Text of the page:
By Ken Reed

Brando Simeo Starkey has penned a very insightful piece for New Republic magazine about the state of college sports in America.

In recent years, many NCAA critics have used slavery-related language when describing how the organization treats athletes. Even the NCAA’s first executive director, Walter Byers, has used this analogy.

Writing in his memoir, Byers said the NCAA is “firmly committed to the neoplantation belief that the enormous proceeds from games belong to the overseers (the administrators) and supervisors (coaches). The plantation workers performing in the arena may receive only those benefits authorized by the overseers.”

However, Starkey, who is the author of the upcoming book Like Blacks After Slavery: The Economic Exploitation of College Athletes, believes slavery isn’t the best analogy. “The slavery analogy, however, is wrong: It overstates and misdiagnoses the problem,” writes Starkey in the New Republic.

“The NCAA’s rules don’t mirror slavery but rather the Jim Crow South’s legal restrictions on black laborers. In other words, college athletes are exploited like blacks after slavery.

“In the decades following emancipation, blacks were denied the whole value of their labor and the opportunity to fully compete in the economic marketplace. Southern legislatures enacted laws that allowed former slave owners to limit the economic opportunities available to black workers and increase their own profits. This exploitation was allowed to continue because it harmed blacks, a politically and socially disfavored people. Racism, that is, allowed this labor-market cartel to remain.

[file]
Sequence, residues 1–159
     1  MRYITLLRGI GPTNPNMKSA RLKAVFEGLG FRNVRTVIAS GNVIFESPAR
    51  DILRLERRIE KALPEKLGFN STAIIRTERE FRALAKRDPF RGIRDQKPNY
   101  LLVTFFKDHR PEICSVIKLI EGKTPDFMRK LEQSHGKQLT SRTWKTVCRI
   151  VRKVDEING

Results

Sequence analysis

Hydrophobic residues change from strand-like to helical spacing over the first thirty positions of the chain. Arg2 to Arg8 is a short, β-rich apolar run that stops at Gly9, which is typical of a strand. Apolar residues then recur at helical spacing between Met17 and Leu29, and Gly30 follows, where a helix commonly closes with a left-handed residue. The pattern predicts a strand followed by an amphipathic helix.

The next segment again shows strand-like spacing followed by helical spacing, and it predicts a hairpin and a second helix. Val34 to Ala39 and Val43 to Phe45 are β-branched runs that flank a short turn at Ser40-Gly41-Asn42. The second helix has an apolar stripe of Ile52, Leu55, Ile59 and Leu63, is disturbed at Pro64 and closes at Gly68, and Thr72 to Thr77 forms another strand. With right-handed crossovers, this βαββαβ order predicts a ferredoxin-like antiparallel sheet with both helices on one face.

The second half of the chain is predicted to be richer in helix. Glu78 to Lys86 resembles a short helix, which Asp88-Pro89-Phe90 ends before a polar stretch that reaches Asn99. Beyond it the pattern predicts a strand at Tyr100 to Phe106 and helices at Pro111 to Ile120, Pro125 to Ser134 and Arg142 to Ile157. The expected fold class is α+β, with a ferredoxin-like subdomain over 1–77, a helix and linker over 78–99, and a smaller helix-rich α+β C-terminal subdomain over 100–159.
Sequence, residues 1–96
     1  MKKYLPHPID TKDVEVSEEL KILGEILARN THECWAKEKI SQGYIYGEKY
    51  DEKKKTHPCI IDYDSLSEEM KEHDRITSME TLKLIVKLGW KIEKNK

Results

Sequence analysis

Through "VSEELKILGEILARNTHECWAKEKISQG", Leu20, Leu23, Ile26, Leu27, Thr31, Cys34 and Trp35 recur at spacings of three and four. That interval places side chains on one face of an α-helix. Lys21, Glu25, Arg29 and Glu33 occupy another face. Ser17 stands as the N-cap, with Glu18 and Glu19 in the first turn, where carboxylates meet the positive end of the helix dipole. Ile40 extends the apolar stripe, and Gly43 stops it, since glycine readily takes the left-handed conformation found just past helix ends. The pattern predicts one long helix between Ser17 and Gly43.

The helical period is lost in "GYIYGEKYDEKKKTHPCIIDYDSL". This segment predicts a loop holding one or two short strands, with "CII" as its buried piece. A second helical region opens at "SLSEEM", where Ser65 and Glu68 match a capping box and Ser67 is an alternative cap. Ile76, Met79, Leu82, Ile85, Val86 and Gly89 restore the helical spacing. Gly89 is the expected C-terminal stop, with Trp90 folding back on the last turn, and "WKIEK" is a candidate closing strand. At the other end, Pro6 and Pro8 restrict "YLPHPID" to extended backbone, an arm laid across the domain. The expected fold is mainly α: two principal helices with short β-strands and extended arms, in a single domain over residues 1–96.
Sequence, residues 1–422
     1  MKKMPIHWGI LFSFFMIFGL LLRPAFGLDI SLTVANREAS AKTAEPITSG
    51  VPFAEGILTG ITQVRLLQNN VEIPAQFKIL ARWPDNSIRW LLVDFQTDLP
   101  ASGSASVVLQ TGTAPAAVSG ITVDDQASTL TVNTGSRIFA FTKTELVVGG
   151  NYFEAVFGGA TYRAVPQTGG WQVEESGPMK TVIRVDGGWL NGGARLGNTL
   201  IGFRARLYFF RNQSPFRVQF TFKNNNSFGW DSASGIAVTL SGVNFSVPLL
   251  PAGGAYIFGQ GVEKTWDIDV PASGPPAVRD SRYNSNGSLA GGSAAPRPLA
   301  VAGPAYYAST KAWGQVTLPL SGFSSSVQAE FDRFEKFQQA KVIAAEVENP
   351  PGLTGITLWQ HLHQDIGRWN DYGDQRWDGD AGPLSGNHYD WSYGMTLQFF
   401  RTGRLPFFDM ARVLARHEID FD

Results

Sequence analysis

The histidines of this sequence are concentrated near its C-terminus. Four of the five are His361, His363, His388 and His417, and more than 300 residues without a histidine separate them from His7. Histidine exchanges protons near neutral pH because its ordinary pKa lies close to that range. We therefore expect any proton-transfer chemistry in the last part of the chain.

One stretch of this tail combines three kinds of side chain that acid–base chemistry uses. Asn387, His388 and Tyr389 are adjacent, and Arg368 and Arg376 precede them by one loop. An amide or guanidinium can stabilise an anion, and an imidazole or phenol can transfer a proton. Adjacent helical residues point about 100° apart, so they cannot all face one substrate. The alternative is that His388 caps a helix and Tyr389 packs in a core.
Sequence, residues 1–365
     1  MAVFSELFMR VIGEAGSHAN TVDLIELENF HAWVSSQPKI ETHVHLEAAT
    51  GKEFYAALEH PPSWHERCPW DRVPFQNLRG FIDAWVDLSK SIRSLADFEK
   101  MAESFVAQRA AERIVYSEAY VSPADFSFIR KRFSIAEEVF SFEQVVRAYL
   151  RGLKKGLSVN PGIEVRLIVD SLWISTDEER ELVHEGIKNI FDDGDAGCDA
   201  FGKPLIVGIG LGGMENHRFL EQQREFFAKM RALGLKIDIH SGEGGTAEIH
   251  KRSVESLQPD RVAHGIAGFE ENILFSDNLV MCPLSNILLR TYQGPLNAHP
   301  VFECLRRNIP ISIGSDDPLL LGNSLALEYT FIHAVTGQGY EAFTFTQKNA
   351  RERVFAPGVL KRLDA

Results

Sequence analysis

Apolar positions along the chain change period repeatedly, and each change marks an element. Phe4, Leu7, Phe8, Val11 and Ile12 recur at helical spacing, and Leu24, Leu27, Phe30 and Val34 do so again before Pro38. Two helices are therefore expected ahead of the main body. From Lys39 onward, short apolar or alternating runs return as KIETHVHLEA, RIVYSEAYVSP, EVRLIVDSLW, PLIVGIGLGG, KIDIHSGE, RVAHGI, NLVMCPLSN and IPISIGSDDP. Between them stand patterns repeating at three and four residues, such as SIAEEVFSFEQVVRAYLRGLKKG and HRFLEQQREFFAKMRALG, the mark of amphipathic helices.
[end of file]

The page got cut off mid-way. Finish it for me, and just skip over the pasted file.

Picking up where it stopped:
“That bears a striking resemblance to college athletics today. So-called ‘student athletes’ are likewise denied the whole value of their labor and the opportunity to fully compete in the economic marketplace. The NCAA enacted rules that allowed its member institutions to limit the economic opportunities available to college athletes and increase their own profits.”

Starkey goes on to build a well-supported case for his position. It’s definitely worth the read (as I’m sure Starkey’s book will be too.).

“Some will scoff at this comparison between the NCAA and Jim Crow South,” concludes Starkey.

“Yet the NCAA, through its methods of exploitation, is actually far more effective at snatching money out of its subjects’ pockets than even the former Confederacy. Indeed, when courts tossed out the most egregious disenfranchisement laws in the middle of the twentieth century, the NCAA took the Jim Crow South’s recipe and spent decades perfecting it. Now, college athletics need its own Civil Rights movement. Schools, coaches, television networks, and corporate sponsors have made a fortune off of college athletes’ hard work.”

With the Northwestern football players union initiative, the Ed O’Bannon case, and many more positive developments in the last couple years, we’re at least on the path toward economic justice for college athletes. It will take the work of a lot of civil rights activists, social change agents and sports reformers to keep the momentum going and increase it.

Ken Reed, Sports Policy Director, League of Fans


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